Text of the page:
In the latest judicial emergency order, Chief Justice Melton states that the continued prohibition against jury trials cannot continue, “even if the pandemic continues, because our judicial system, and the criminal justice system in particular, must have some capacity to resolve cases by indictment and trial.” The order directs each county to establish a local committee tasked with developing guidelines to safely resume jury trials and notes that courts in Georgia will likely be authorized to resume jury trials as early as October 10, with actual trials occurring as early as November. 

The Judicial COVID-19 Task Force issued guidance for resuming jury trials, even as the pandemic continues to plague the state. Initially noting that criminal cases should receive priority status given the unique constitutional rights that are at issue in those proceedings, the guidance then goes on to provide high-level protocols for various aspects of jury trials. 

Physical Space Protocols

The Task Force’s guidance incorporates much of the CDC’s recommendations with respect to social distancing and cleaning protocols. The guidance encourages courthouses to consider, among other things: 

  • Installing social distancing markets, plexiglass barriers, and hand sanitizing stations where appropriate; 
  • Implementing alternating schedules for use of certain rooms so that they can be cleaned between uses; 
  • Coordinating with courthouse security to implement screening protocols or other measures to allow for contact tracing in the event of a COVID-19 exposure; and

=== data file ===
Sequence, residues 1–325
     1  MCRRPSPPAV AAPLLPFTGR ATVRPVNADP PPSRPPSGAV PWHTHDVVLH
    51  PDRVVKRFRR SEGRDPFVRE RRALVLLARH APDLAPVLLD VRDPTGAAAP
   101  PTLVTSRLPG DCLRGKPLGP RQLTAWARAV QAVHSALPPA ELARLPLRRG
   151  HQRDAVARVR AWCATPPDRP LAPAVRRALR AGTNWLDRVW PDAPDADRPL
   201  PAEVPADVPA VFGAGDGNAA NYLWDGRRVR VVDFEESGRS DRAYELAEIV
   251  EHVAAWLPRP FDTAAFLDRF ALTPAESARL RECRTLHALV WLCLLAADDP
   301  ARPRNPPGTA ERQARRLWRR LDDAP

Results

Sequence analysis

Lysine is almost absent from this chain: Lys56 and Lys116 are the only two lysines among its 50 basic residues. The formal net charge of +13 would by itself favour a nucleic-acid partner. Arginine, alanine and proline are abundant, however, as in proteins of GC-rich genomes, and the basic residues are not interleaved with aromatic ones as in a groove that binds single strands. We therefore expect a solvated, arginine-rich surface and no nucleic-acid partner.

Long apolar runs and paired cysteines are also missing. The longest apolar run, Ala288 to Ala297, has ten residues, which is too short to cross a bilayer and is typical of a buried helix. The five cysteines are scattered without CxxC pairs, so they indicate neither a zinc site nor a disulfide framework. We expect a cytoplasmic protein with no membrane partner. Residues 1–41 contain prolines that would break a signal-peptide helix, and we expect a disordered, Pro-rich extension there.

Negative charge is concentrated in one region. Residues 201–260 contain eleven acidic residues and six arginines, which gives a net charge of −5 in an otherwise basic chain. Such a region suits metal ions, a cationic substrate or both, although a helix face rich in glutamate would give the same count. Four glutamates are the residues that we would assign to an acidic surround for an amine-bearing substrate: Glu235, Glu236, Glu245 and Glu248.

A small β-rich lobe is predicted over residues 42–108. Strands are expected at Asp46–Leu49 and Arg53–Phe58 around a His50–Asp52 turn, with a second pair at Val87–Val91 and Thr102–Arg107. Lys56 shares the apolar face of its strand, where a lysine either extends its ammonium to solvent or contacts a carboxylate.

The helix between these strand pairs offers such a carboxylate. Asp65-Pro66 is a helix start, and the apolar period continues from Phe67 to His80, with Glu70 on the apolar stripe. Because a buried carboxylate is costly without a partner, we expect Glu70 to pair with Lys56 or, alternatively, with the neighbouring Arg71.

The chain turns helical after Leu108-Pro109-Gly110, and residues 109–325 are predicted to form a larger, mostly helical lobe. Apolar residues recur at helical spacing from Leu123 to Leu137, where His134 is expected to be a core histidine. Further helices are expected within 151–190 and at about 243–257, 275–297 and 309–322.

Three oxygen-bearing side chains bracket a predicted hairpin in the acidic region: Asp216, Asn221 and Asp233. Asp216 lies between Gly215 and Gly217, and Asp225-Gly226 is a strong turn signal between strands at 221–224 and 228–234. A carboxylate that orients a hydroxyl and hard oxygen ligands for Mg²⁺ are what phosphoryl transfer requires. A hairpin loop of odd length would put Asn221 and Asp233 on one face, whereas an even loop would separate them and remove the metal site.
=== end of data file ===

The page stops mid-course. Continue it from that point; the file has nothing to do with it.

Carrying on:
• Providing masks upon entry. 

Jury Trial Scheduling and Pre-Trial Conferences

The guidance provides the following recommendations with respect to scheduling trials and summoning jurors: 

  • Schedule fewer jury trials than normal and coordinate schedules among judges to minimize the number of trials happening at one time; 
  • Consider options and develop a plan for the admission of exhibits to minimize the handling of evidence at trial; 
  • Summon more jurors than normal in anticipation that fewer jurors will report due to COVID-19 hardships, lack of child care, or holding a job in an essential industry; 
  • Provide safety information with jury summonses; 
  • Consider questionnaires to screen for potential COVID-19 exposure and illness; and
  • Stagger juror arrival time (noting that qualification may have to take place over several days).

Impaneling and Qualifying Jurors

The Task Force provided the following recommendations for voir dire and impaneling a jury: 

  • Consider use of transparent face shields during voir dire to reduce hearing impairments or language challenges; 
  • Question jurors in smaller panels;
  • Issue electronic or written questionnaires in advance to streamline voir dire; 
  • Consider conducting voir dire remotely; and
  • Prepare for jurors who refuse to appear.

Seating the Jurors and Conducting the Trial

During the trial itself, the Task Force recommends the following: 

  • Seat jurors in the gallery instead of the jury box to maximize social distancing; 
  • Allow juror deliberations to occur in larger rooms; 
  • Post social distancing reminders for jurors on breaks; 
  • Present evidence digitally where possible;